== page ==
Anybody who has a cellphone in the Philippines has probably received that annoying text one time or another. I'm sure you know how it goes: an unnamed relative who's supposedly working abroad wants to send you some money or a balikbayan box but in order for them to do so you have to send them "cellphone load" first. You'll probably think that only the dumbest of the dumb will fall for this kind of scam. But what if, out of sheer coincidence, a well-to-do family is led to believe that the texter is actually a long lost relative? This is the premise of Ang Bagong Pamilya ni Ponching, a full-length film entry at this year's Cinemalaya Film Festival.
Directed by Inna Salazar and Dos Ocampo, Ang Bagong Pamilya ni Ponching is a comedy slash family drama that stars Janus Del Prado as Ponching and Ketchup Eusebio as his childhood friend Elmerson. Ponching and Elmerson are religious guys who dabble in relatively petty crimes such as movie piracy. Their latest gig? Camcording indie films to sell to patrons in Quiapo. Which is either a genius move since nobody really does that or the dumbest thing ever since as Ponching himself said, "Sino bang manunuod ng ganyan sa Quiapo?"
Looking for a new racket to try out, the two friends get into text scamming. Thinking that no harm will come out of it, Ponching sends out a text that accidentally cons a recipient into thinking that he's the bastard son of a recently deceased relative. But here's the catch: the dead relative left him all his money: a cool P2 million pesos. Ponching now has to play the part. But did this kind-hearted dimwit bite off more than he can chew this time?
Ponching and Elmerson, gives faces to those text
scammers that pester us day in and day out
Ponching's new family, the Dela Veras are apprehensive when he first arrives in their mansion and for good reason. Here's a guy who you never knew before today and he's supposed to be the sole beneficiary of an inheritance? But eventually, the family falls in love with the well-meaning Ponching. One of the highlights of the movie is actually the friendship that Ponching develops with the matriarch of the family and this subplot is what I liked the most about it.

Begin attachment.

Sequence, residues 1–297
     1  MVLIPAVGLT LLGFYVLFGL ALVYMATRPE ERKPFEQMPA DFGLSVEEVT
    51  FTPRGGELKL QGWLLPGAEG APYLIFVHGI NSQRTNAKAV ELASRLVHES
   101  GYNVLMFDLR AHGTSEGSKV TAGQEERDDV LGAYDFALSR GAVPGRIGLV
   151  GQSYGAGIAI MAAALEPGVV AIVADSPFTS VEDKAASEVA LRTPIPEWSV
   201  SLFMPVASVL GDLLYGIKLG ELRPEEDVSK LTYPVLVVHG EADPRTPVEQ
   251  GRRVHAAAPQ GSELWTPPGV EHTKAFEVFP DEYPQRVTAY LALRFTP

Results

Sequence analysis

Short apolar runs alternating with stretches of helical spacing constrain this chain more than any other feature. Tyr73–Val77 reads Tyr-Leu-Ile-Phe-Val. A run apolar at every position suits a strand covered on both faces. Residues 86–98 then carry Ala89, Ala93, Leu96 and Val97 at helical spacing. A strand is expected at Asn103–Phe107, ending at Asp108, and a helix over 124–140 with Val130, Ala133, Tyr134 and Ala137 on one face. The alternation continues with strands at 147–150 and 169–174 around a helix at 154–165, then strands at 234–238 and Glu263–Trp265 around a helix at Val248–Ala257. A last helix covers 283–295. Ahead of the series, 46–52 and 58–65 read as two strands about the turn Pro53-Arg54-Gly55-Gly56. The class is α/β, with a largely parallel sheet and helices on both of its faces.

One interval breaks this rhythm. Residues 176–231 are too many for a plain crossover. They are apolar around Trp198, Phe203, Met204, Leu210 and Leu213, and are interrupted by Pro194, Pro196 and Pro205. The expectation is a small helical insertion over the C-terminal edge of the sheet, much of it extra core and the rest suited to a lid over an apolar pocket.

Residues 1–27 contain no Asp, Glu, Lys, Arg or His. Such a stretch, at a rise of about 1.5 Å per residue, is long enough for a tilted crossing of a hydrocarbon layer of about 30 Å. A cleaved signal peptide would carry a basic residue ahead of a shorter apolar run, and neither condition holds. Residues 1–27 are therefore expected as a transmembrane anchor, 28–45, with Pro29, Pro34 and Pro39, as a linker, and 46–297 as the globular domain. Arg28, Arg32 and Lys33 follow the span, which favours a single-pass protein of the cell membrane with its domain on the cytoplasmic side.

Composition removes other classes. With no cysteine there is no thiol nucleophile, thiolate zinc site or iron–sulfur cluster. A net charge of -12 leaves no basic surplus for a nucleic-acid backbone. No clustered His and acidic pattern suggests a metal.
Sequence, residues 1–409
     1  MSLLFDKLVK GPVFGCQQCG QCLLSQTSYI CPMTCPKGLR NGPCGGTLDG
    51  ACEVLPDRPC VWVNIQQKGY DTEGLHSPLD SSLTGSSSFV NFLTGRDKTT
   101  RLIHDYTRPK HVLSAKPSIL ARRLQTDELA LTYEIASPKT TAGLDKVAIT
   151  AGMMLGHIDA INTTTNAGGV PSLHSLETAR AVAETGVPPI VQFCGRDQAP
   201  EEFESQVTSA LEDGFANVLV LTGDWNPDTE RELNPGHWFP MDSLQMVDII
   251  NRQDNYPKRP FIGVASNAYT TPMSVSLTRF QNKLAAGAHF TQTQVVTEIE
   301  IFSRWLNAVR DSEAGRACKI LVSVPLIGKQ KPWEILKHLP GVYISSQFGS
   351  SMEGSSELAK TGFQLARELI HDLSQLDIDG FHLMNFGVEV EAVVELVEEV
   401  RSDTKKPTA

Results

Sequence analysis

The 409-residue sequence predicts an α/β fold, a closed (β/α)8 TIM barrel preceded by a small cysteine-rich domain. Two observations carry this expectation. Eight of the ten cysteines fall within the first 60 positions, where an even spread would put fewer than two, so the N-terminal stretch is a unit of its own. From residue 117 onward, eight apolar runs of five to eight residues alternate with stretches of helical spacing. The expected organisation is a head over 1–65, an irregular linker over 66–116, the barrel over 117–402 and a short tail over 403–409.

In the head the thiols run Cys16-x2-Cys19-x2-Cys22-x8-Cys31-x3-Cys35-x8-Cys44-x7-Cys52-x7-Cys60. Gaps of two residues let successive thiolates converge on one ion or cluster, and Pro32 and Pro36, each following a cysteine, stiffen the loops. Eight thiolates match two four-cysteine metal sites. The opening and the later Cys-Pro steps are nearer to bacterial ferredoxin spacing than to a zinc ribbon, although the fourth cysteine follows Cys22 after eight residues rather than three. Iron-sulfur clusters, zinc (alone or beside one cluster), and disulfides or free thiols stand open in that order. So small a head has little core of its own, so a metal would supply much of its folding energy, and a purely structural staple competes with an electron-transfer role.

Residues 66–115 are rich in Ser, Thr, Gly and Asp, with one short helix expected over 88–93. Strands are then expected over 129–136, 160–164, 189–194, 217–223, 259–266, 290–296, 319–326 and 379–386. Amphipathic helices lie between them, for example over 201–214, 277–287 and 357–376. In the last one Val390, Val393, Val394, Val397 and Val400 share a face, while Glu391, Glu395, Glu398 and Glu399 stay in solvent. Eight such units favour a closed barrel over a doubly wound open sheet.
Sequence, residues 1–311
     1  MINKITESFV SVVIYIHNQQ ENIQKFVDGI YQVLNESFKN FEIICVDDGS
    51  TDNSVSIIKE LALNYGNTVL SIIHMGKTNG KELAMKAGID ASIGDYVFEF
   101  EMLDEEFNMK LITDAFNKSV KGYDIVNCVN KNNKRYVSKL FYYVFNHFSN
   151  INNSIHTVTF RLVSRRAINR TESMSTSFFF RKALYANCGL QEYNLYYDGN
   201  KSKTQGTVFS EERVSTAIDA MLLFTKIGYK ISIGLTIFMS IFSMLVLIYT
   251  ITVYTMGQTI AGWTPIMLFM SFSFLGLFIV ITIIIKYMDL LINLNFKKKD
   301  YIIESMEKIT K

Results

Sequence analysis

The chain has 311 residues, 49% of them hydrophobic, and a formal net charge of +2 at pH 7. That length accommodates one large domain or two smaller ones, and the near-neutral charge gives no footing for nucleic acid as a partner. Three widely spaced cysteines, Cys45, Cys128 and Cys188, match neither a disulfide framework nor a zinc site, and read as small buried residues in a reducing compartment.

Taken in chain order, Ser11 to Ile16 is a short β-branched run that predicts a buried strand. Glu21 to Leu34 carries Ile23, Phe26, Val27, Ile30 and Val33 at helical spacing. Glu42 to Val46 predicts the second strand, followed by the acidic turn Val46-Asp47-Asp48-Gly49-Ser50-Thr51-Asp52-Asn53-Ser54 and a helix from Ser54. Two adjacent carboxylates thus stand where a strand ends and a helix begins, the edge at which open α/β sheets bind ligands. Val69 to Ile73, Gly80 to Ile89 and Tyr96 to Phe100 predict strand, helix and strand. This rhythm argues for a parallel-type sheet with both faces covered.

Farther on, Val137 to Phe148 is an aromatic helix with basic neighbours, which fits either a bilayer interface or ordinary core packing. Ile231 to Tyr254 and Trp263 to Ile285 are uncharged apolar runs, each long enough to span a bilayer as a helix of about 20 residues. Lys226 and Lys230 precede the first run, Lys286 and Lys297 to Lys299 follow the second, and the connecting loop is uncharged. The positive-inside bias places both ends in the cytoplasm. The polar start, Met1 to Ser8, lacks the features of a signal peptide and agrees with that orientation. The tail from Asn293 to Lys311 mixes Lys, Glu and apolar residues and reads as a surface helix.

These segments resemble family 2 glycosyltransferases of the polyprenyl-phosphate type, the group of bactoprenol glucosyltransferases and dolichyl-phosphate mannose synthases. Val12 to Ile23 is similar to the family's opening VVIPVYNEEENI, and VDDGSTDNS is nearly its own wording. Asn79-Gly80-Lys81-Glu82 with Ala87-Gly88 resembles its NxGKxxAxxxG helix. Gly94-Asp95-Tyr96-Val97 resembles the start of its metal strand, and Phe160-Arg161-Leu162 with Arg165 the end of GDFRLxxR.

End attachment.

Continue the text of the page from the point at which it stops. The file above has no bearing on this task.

Janus Del Prado and Ketchup Eusebio are funny as Ponching and Elmerson and the movie has its laugh out loud moments. Although some of the jokes fall flat at times which is usually the case for any comedy. But humor is different from person to person so while I didn't find some of the jokes to be funny, I'm sure there are others who will. Del Prado as the dimwitted Ponching should've been easy to hate—he's cheating a family out of their money—but we end up liking him anyway because he's a well-intentioned buffoon.
Del Prado plays the part of the fool rather convincingly.
That's meant to be a compliment by the way
The great thing about film festivals such as Cinemalaya is it allows our local filmmakers to tackle stories that would otherwise not be featured in mainstream cinema. Like "Bayaw" Jun Sabayton said in a video promoting the annual filmfest, we keep on seeing the same movies year in and year out. Naging senior citizen na yung bida pero yung leading lady pabata nang pabata. To be fair though to formulaic big budget productions, we have to admit that they do have a certain polish that some indie films lack. This holds true with Ang Bagong Pamilya ni Ponching. I think the reason why some of the jokes in the movie failed to deliver was because of the editing, which at times seemed awkward as it jumped from one scene to the next. Some scenes also felt too abrupt or randomly placed.
The movie, though absurd at times, is a welcome change to the love stories and romantic comedies that have become a staple of local cinema. Really, when was the last time you saw a Pinoy comedy that didn't star Vice Ganda? Those movies seem few and far in between. And independent filmmaking doesn't have to be synonymous to poverty porn as well. There are a lot of stories to tell about the Filipino way of life and not all of them need to tackle heavy subjects. The issue of text scamming, although trivial, is something that Pinoys encounter on a regular basis and is used in this movie to discuss much deeper topics such as family and being honest with oneself.
Ang Bagong Pamilya ni Ponching, if nothing else, is honest. It won't change how you view the world and it doesn't aim to do that. It just has a quirky story to tell. And that's perfectly fine. Sometimes you just want to go and watch a Filipino movie without feeling the weight of the world on your shoulders when you leave the cinema.
6.5/10 A quirky Filipino comedy that at times borders on the absurd, Ang Bagong Pamilya ni Ponching offers a premise that everyone can relate to.
Rey de la Cruz Jr. likes talking about films as much as he likes watching them. He runs www.reyview.org, a site that provides Filipino moviegoers with reviews written in a voice that is uniquely Pinoy.